Weight loss The quantitative loss observed after 60 days of storage in different grain samples treated with plant oils and extracts was found to be negligible and differed significantly over untreated (9.00%). After 90 days of storage of pearlmillet, the quantitative loss was in the range of 0.67-5.67 per cent, the former being
To manage the C. cephalonica, the technique of impregnation of packaging material with plant oils and plant extracts was chosen with the view to keep the grains free from toxic hazards. This method has been shown to confer good protection to the seeds by earlier workers. Meena and Bhargava (2003b) observed the efficacy of A. indica, P. glabra (P. pinnata), C. inophyllum, Cymbopogon flexuosus, Lawsonia inermis, Cocos nucifera, Indian mustard, sesame, groundnut, soybean and sunflower extract and/or oils @ 0.1, 0.5
and 1 ml/100 g broken seeds in controlling C. cephalonica. The fecundity, egg viability and longevity of both male and female C. cephalonica decreased with increasing concentrations of the extracts and the oils. During present investigations, the neem, castor, mustard oil and neem seed kernel extract in three concentrations (5.0, 7.5 and 10.0%) and one chemical viz., malathion (0.05, 0 0.1%) were used in evaluating their efficacy by impregnating the gunny bags. The results obtained during the present investigations on the efficacy of impregnation of packaging materials with different test compounds have been discussed here. The data recorded during the present investigations revealed that after 60 days no adult emergence was recorded when gunny bags were impregnated with plant oils and extracts. However, the infestation in these treatments was observed at 90, 180 and 270 days of treatment, the most effective treatment was NSKE 10 per cent (1.33 adults), malathion 0.1 per cent (1.33 adults), malathion 0.05 (1.67 adults) and Neem oil 10 per cent (2.33 adults). It is apparent from the data that all the tested plant oils and extracts were found to be significantly superior in reducing the adult emergence over untreated control (6.33 adults). The present findings are conformity with Meena and Bhargava (2009) who found that no adult emergence was recorded in impregnated gunny and cloth bags. They observed the minimum number of adults emerged in the treatment of neem extract. The seed damage observed after 60 days of treatment in storage was nil in NSKE, castor oil, neem oil and mustard oil 7.5 and 10.0% treated bags. The efficacy of neem oil 10 per cent and NSKE oil 10 per cent revealed low grain damage (2.67 and 5.33 %, respectively)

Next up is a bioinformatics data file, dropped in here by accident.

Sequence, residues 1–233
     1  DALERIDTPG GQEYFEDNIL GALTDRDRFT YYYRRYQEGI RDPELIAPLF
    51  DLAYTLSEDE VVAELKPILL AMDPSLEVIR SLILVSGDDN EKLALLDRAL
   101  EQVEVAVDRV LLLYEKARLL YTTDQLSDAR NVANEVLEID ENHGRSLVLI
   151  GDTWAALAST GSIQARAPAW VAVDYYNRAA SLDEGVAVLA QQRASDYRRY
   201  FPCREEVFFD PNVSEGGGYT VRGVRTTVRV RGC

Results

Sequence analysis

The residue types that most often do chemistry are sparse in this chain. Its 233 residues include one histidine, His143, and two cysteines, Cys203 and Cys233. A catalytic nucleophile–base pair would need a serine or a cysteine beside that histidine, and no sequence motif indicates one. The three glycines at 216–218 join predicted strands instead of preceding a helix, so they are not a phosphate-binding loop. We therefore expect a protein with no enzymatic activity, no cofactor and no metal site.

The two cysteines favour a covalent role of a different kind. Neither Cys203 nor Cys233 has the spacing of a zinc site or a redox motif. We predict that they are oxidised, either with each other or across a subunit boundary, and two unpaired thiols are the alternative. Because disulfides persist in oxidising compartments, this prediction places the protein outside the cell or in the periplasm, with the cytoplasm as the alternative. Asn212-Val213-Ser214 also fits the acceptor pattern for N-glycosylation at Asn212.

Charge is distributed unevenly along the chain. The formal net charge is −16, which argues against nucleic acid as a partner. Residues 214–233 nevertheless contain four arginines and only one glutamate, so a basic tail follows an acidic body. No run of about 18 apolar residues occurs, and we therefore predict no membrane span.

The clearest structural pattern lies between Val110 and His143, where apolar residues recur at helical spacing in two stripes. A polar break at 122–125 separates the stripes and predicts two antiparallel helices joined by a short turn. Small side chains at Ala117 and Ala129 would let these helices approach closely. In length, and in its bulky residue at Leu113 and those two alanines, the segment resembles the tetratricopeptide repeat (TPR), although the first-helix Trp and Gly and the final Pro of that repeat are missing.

after 270 days of treatment. These treatments were found significantly superior over rest of the treatments except the malathion 50EC (as standard check). The rest of the treatments resulted in the efficacy of lower order but significantly superior over the untreated. Yadav and Bhargava (2002) observed that Neem extract at 1.0 ml 100 gˉ1 seeds resulted in the longest total life cycle (57.8 days), highest reduction in adult emergence (85.7%), lowest number of eggs laid per female, highest reduction in egg viability (65.3%) and shortest longevity for males (3.3 days) and females (4.8 days). No adverse effect on the germination of sorghum seeds at any interval was noticed.